Transforming teaching and learning to meet the diverse needs of all of its students is a fundamental challenge for any district; MNPS is developing its teachers and leaders to make that change. Through its Principal Leadership Institute and Teacher Leadership Institute, district leaders have created a foundation for continuous improvement through the capacity building of the most effective teacher and principal leaders. Now entering its fourth year, the bi-annual institute for principals has helped establish a cultural norm and core value for the system: creating dedicated space for collective professional development focused on teaching and learning is the way to improve student achievement. Principals value the three-day opportunity to have a shared space in which to learn from one another outside of scheduled district meetings as much as they appreciate the institute content.
Ultimately, the success of MNPS Achieves lies in building the collective capacity of the people in the school system. Carrie Leana, a professor of business at the University of Pittsburgh and a member of the MNPS Achieves National Advisory Panel, found in her study of elementary teachers in New York City public schools that teachers’ “social capital” – that is, their ties with one another – were as valuable as their “human capital” – that is, individual skills and abilities – in impacting student achievement. However, Race to the Top, and by extension, the state of Tennessee, encourages states to evaluate teachers individually through the use of value-added measures.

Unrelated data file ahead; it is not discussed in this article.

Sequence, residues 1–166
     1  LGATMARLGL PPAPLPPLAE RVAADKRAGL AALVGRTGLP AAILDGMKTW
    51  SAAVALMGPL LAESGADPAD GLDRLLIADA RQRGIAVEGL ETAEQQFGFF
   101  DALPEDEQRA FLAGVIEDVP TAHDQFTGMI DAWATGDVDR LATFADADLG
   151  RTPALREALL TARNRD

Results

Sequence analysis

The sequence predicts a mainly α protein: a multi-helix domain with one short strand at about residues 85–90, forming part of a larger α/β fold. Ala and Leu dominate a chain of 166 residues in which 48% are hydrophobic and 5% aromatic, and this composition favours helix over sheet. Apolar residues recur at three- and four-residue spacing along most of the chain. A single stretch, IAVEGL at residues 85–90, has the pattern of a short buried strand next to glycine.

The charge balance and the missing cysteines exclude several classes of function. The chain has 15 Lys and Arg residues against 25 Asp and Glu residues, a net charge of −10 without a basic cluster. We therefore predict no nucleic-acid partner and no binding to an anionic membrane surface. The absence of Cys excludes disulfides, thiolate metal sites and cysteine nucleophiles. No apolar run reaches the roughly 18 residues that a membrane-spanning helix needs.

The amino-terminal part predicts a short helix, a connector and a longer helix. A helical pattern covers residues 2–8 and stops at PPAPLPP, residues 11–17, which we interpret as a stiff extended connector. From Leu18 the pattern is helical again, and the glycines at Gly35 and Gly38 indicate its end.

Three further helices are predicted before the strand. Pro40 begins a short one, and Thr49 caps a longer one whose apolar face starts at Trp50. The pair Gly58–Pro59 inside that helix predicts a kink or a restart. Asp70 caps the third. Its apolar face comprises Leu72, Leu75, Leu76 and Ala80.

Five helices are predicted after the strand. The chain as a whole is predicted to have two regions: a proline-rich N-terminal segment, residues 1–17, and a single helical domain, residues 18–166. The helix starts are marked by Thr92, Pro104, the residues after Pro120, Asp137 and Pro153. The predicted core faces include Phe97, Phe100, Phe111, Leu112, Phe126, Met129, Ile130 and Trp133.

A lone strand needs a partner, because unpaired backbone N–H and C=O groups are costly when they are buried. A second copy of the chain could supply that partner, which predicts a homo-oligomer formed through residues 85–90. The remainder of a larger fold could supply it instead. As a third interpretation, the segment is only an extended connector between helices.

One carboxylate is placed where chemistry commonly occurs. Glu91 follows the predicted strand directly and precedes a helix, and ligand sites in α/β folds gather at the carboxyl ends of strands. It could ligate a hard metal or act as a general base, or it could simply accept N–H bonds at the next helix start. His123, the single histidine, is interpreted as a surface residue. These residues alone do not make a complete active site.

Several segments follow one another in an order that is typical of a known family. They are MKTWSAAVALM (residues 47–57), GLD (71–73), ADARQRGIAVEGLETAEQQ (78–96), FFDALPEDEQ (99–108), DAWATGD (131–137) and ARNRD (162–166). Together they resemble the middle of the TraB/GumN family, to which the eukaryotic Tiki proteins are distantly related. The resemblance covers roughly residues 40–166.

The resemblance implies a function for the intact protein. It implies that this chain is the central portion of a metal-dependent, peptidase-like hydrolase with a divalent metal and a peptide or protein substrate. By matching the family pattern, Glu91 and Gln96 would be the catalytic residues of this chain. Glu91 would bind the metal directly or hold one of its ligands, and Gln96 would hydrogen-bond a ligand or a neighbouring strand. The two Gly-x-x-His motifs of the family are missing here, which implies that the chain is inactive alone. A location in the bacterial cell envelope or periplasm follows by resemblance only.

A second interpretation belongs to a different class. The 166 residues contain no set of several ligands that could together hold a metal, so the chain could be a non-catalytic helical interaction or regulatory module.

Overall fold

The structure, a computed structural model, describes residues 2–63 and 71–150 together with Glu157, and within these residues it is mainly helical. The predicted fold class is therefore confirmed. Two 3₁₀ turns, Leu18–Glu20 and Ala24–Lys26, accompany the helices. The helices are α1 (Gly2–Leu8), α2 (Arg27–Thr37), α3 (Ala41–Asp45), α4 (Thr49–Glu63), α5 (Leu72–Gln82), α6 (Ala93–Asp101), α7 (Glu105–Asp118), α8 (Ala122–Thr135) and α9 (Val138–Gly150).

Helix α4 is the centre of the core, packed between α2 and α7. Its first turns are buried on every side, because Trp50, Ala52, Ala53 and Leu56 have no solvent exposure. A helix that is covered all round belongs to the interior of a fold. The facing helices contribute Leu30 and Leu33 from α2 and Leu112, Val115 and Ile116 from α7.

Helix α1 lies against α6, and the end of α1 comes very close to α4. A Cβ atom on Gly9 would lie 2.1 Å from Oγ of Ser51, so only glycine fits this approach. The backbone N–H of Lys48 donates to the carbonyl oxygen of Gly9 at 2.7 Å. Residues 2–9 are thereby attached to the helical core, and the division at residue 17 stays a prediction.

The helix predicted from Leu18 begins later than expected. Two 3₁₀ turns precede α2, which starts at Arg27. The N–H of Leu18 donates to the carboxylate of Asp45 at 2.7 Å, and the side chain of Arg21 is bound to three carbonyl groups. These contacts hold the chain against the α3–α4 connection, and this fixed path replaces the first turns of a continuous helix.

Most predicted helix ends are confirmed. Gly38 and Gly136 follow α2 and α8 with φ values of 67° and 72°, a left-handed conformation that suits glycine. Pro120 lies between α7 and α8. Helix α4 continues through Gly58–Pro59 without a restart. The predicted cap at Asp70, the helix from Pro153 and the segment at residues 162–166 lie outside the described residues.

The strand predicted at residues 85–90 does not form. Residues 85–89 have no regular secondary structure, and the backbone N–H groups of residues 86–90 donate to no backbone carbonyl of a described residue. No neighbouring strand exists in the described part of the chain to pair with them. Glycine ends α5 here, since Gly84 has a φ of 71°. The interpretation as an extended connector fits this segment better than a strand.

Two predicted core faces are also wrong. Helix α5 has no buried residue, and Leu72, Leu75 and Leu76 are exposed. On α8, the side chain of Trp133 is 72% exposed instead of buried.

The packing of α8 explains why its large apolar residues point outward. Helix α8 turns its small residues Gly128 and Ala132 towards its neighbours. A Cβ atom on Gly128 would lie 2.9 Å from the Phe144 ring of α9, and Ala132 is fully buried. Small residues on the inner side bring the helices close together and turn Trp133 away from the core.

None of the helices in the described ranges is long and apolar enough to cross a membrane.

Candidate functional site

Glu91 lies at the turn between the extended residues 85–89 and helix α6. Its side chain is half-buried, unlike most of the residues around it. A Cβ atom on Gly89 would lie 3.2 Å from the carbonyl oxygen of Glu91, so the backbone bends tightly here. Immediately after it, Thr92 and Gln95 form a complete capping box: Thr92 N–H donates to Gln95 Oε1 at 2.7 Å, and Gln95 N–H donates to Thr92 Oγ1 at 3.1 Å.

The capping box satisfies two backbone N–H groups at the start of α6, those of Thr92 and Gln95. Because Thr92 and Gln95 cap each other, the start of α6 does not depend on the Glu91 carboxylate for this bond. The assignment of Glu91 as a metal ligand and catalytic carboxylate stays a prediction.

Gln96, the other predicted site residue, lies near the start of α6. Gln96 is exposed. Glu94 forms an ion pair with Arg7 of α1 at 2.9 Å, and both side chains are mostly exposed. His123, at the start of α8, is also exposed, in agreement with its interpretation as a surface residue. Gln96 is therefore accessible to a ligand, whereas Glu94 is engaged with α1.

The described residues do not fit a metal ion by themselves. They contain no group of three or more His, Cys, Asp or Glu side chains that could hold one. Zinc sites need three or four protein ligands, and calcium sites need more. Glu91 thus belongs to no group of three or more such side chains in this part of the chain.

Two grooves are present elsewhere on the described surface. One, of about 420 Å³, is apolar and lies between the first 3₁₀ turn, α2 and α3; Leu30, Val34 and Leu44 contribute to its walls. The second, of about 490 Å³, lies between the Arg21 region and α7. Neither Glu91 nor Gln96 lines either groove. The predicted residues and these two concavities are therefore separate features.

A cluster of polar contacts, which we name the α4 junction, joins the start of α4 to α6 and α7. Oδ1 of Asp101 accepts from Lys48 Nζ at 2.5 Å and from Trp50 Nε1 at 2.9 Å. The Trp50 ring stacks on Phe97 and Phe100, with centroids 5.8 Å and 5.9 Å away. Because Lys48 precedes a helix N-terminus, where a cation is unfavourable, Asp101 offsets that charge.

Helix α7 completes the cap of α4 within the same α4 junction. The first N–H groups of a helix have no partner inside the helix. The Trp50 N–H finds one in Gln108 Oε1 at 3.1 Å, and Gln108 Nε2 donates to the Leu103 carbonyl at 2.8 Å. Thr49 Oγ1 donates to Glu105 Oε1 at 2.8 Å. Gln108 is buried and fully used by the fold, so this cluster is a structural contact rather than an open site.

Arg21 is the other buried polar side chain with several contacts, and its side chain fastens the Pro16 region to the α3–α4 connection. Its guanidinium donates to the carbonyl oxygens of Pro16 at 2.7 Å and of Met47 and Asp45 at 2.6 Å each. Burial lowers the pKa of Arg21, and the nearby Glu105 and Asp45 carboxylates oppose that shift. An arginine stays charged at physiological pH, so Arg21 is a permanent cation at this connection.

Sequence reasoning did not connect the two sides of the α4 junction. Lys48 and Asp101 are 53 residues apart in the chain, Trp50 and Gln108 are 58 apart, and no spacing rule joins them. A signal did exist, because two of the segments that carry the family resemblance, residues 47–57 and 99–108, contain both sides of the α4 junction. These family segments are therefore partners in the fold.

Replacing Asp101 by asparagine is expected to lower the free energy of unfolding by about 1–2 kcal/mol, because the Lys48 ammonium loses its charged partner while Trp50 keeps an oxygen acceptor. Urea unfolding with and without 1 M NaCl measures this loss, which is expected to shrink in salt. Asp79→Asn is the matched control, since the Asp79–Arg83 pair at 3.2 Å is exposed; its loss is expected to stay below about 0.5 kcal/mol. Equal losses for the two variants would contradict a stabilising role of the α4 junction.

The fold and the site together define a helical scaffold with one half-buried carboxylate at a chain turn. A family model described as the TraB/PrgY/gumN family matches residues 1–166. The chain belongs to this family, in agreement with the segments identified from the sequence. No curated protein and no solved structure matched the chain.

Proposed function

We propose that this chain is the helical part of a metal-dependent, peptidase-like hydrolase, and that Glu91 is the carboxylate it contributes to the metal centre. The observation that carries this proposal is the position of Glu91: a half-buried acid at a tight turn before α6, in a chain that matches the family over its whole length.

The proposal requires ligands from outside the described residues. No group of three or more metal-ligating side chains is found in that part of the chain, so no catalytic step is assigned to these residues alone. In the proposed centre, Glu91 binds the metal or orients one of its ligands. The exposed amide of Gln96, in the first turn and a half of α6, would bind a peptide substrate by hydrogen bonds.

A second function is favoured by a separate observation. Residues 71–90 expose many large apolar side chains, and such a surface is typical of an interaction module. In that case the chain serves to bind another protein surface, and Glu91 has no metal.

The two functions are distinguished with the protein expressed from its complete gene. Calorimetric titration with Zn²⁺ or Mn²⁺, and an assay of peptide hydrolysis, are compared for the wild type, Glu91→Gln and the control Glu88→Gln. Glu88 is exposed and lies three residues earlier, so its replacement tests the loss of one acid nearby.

These kinds of accountability systems, Fullan argues, are a “wrong driver” to start with in educational reform. They set up a tension between the state’s emphasis on individual capacity and the district’s focus on collective capacity. At the recent annual meeting of the American Educational Research Association, where AISR’s evaluation findings were presented in one session, districts shared some of the challenges of balancing these tensions. What came up repeatedly in discussion was the difficulty for most districts to develop “collaborative practice in a competitive context.”
To its credit, MNPS is trying to navigate those tensions through embracing the state’s new evaluation system while continuing to build collaborative relationships among its leaders and staff. Fullan sums up plainly the long-term benefits of the approach MNPS has taken:
In short, individual rewards and incentives and other investments do not motivate the masses. If you want to reach the goal faster you must invest in capacity building, and use the group to get there.
Note: AISR’s report on the progress of MNPS Achieves is available here. This year we will focus on understanding the relationship between central office and school staff.
Annenberg Institute for School Reform. 2011. MNPS Achieves Year 2: An Evaluation Report. Providence, RI: Brown University, AISR)
Leana, Carrie. 2010. "Social Capital: The Collective Component of Teaching Quality," Voices in Urban Education 27 (Spring).
 Fullan, Michael. 2011. Choosing the wrong drivers for whole system reform. East Melborne, Victoria, Australia: Center for Strategic Education.